Spliceman-A computational web server that predicts sequence variations in pre-mRNA splicing

Department of Molecular Biology, Cellular Biology and Biochemistry, Brown University, Providence, RI 02903, USA.
Bioinformatics (Impact Factor: 4.98). 02/2012; 28(7):1031-2. DOI: 10.1093/bioinformatics/bts074
Source: PubMed


It was previously demonstrated that splicing elements are positional dependent. We exploited this relationship between location and function by comparing positional distributions between all possible 4096 hexamers around a database of human splice sites. The distance measure used in this study found point mutations that produced higher distances disrupted splicing, whereas point mutations with smaller distances generally had no effect on splicing. Reasoning the idea that functional splicing elements have signature positional distributions around constitutively spliced exons, we introduce Spliceman-an online tool that predicts how likely distant mutations around annotated splice sites were to disrupt splicing. Spliceman takes a set of DNA sequences with point mutations and returns a ranked list to predict the effects of point mutations on pre-mRNA splicing. The current implementation included the analyses of 11 genomes: human, chimp, rhesus, mouse, rat, dog, cat, chicken, guinea pig, frog and zebrafish.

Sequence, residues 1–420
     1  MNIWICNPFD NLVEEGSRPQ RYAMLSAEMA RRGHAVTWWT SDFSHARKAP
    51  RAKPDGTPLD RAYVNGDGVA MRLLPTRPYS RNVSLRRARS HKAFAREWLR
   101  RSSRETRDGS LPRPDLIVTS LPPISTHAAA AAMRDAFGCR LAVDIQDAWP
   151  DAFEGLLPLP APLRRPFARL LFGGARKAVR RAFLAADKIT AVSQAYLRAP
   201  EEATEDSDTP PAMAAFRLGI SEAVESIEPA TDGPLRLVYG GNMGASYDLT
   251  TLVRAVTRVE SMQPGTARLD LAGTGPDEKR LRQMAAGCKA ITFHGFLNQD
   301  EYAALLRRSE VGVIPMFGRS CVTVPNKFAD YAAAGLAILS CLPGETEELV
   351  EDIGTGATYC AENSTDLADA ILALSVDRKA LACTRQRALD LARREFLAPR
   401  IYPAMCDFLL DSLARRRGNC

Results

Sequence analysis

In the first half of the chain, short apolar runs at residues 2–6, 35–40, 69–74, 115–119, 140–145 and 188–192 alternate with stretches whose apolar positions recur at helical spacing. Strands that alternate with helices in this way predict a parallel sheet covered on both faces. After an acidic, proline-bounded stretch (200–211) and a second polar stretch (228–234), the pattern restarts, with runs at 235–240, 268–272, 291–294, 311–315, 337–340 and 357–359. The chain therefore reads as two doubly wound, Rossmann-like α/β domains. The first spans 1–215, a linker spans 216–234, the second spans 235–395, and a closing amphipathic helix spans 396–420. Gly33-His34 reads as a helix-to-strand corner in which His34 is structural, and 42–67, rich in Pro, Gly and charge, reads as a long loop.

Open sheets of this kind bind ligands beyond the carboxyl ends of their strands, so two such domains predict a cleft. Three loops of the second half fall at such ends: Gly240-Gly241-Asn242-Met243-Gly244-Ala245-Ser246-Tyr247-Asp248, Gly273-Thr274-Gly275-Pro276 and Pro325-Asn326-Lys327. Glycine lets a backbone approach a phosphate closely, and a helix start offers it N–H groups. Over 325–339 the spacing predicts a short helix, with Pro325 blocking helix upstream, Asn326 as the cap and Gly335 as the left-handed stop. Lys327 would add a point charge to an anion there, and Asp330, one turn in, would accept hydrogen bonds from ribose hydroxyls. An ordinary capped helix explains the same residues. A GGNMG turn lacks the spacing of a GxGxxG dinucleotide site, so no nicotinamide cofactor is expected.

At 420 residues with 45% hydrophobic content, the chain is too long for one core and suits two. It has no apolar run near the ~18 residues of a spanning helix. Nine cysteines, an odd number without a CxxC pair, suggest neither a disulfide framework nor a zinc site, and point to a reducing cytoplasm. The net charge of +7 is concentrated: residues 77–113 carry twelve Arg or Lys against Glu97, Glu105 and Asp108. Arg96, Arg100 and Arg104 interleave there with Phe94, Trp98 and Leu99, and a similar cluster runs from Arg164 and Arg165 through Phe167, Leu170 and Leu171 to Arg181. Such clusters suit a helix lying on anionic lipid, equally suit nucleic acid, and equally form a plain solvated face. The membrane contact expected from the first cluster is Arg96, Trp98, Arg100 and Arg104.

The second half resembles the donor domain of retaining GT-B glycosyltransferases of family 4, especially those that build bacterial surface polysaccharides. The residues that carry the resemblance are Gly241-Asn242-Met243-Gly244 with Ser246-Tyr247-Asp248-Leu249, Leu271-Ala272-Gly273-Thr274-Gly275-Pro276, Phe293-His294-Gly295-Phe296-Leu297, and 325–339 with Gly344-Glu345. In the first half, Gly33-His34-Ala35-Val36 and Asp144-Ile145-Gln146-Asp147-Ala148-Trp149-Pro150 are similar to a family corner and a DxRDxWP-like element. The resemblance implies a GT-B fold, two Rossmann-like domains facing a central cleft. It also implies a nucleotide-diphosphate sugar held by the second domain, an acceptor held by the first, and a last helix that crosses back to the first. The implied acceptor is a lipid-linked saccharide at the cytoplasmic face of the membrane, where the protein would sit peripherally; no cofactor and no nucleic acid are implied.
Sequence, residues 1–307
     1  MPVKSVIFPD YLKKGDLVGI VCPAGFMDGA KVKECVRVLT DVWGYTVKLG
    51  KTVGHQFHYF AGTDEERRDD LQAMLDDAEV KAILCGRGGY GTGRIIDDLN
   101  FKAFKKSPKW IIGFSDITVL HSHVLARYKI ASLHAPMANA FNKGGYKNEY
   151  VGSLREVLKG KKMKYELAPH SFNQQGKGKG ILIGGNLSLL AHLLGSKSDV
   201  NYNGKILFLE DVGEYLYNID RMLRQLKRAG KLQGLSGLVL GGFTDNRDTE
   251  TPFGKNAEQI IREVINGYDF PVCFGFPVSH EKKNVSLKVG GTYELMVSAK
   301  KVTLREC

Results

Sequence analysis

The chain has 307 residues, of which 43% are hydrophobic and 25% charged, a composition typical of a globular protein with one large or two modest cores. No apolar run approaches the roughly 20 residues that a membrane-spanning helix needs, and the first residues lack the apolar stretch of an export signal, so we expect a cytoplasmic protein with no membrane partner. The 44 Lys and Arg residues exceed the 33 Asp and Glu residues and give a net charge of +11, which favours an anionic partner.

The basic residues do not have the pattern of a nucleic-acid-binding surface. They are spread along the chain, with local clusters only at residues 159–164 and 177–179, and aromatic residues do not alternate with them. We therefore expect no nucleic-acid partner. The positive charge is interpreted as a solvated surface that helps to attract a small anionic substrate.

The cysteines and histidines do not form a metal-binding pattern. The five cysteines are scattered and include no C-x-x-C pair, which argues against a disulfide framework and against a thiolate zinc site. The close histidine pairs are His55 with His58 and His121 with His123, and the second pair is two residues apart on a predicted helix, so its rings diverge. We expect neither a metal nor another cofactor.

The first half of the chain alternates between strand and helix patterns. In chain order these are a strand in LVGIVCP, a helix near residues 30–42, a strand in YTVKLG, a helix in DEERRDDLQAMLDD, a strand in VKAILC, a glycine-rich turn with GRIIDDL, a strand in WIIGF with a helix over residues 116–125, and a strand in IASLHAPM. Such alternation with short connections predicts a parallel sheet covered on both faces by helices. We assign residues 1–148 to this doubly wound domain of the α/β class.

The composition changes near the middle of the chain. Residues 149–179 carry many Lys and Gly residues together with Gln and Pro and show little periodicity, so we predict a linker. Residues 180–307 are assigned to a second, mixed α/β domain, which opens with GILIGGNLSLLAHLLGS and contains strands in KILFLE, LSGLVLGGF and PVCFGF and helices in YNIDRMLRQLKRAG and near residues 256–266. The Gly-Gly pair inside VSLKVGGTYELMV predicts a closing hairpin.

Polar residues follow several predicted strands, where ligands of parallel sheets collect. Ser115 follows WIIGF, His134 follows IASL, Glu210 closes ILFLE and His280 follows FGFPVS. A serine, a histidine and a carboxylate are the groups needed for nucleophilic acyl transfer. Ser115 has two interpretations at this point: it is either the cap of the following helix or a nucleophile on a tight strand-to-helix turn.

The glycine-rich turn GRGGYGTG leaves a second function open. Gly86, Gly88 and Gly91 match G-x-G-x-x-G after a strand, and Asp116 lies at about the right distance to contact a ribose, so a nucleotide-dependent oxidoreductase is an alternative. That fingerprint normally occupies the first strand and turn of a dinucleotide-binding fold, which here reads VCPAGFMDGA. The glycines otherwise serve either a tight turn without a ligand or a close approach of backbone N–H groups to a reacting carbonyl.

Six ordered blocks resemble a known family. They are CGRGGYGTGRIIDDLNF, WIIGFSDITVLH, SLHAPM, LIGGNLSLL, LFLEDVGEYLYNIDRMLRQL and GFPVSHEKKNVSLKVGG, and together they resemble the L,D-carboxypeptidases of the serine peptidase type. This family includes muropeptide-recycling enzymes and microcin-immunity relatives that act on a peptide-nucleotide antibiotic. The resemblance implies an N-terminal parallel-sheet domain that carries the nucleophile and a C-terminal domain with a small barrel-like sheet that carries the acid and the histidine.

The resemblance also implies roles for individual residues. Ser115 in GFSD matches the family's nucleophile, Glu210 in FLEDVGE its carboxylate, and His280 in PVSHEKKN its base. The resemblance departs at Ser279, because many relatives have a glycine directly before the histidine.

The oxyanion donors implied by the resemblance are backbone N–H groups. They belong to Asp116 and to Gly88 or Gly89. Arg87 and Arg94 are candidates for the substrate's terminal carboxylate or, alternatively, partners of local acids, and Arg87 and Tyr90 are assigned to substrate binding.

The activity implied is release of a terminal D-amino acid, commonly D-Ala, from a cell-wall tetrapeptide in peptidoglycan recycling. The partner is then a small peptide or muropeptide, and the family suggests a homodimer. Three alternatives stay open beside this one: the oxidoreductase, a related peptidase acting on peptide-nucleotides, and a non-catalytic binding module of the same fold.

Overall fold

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Available from: Eric KH Lim, Apr 28, 2014
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    • "Primer sequences and PCR conditions are available upon request. The Spliceman web server (Lim and Fairbrother, 2012) was used to estimate the pathogenicity of the splice-site mutation identified in patient 3. "
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    • "The effect of noncoding variants on splicing and positioning and strength of exonic splice enhancers was evaluated using different in silico prediction programs integrated in Alamut Software (Interactive Software). These predictions were complemented by the ASSEDA tool ( and Spliceman algorithm ( [Lim and Fairbrother, 2012; Mucaki et al., 2013]. In addition, the localization of the variant in candidate regulatory regions was evaluated with RegulomeDb and datasets from the ENCODE project, and conservation was taken into account (Supp. "
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    • "Use of splice prediction tools is particularly important, as approximately 14% to 15% of all hereditary disease alleles are annotated as splicing mutations [55]. Groups that utilized a suite of splice prediction tools, such as the maximum entropy model MAXENT [62], ExonScan [63] or positional distribution analysis [64,65], were more likely to have identified potentially pathogenic mutations, particularly in the TTN gene in Family 1. "
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